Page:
Descript is a tool that helps people tell better stories. It's an audio and video editor that works more like a text editor than a traditional timeline editor. The best way to get a sense for how it works is to see it in action. So check this out.
I recorded this video right here in Descript. Everything I'm saying has been transcribed, so I can actually just use that transcription to edit my video. If I don't like a section, I can just delete it.
Transcription to edit my video. If I want to change a word, I can just rewrite it.
My video. If I want to switch a word, I can just rewrite it. It's pretty cool.
This is what the app looked like. When I joined Descript The product had evolved scrappily with just one designer for the first few years of the company. And as a result, it's designed foundation was unstable. Our information architecture was all over the place. Our timeline tools were across the app from the timeline itself. There was no color system to speak of. So the app was littered with unidentifiable, hex values. There was no grid system or design element componentization And as a result of the sum of all of these design problems, the app just felt hackily built. I joined as Descript's second designer. And in rapid succession, we hired a third with this sudden increase in design capacity, our fledgling team agreed that it was the right moment to craft a simple, scalable design system to serve as a strong foundation for the evolution of our product. This was of course not a solo effort. Escha Jordi and I, the three designers collaborated closely to bring this redesign to life.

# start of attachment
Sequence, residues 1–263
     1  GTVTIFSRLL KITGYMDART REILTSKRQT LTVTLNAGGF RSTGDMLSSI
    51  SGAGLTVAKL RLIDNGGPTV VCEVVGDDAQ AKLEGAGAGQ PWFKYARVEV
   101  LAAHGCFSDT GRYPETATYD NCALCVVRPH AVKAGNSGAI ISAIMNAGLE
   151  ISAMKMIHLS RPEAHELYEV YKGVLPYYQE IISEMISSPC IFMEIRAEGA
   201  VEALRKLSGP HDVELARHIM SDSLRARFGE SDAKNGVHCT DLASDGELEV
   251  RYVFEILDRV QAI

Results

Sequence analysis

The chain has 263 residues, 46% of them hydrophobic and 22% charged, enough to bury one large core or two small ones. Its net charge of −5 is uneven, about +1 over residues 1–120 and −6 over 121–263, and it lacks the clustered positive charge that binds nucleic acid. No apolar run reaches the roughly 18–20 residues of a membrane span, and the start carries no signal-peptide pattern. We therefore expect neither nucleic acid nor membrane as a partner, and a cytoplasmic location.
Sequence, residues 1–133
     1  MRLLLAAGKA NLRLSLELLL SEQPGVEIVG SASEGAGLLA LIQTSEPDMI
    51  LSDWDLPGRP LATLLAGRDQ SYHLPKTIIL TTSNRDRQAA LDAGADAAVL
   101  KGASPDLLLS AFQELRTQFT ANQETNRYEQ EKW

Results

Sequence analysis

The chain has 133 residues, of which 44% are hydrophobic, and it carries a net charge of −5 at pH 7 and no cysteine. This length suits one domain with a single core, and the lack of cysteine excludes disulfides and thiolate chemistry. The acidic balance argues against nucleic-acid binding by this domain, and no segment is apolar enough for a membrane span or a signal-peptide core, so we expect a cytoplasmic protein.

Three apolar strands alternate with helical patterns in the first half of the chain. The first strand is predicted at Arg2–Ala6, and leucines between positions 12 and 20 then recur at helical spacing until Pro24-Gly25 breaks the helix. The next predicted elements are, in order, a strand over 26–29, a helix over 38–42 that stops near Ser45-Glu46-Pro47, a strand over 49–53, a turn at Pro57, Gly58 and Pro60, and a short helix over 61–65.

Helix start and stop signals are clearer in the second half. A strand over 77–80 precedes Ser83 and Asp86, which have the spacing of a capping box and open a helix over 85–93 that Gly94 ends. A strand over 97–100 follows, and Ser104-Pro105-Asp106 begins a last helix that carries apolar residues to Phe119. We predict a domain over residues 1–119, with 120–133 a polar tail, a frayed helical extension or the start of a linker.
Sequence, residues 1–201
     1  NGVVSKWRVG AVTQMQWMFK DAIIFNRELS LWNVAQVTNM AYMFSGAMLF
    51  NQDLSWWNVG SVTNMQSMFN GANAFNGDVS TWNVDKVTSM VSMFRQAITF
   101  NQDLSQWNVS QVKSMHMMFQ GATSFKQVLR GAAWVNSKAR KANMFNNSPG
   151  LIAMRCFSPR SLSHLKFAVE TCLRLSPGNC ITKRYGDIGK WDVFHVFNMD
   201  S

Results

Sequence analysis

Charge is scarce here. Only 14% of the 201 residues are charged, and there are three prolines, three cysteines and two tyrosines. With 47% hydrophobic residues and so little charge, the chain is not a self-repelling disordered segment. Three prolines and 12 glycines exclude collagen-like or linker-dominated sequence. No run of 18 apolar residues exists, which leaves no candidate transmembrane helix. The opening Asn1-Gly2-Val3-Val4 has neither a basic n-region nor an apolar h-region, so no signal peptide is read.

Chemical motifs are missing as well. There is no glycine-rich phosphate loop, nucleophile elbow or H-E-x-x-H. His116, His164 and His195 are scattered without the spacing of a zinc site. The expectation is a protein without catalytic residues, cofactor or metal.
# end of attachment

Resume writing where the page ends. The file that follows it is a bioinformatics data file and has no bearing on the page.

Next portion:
So we started from a completely blank canvas. We decided on an eight pixel grid because it plays really nicely with all of the different standard type sizes, and because it's more flexible at small sizes than a 10 pixel system. We chose inter for our typeface because it's optimized for text dense digital interfaces like ours. We set our 12 point inter in a 16 pixel bounding box so that no matter how you stack or space, it, it always sits on an eight pixel grid. Then we built our icon system, starting with feather icons and open source library, and then building over a hundred new custom icons to express any and every concept within our product. I want to pause here because these three primitives. Spacing typography and iconography serve as the foundation for every other more complex component throughout the app. In essence, this is our design system. From here, you can see how we nest these primitives to build towards more complex components So here, If you take two labels and icons, you add eight pixels of spacing between the content and the bounds, and then divide that spacing to allow for a hover state. You've got a little menu. This is just one of the many components that we designed and built all from those three primitives. And then we compose these complex components together into our interface.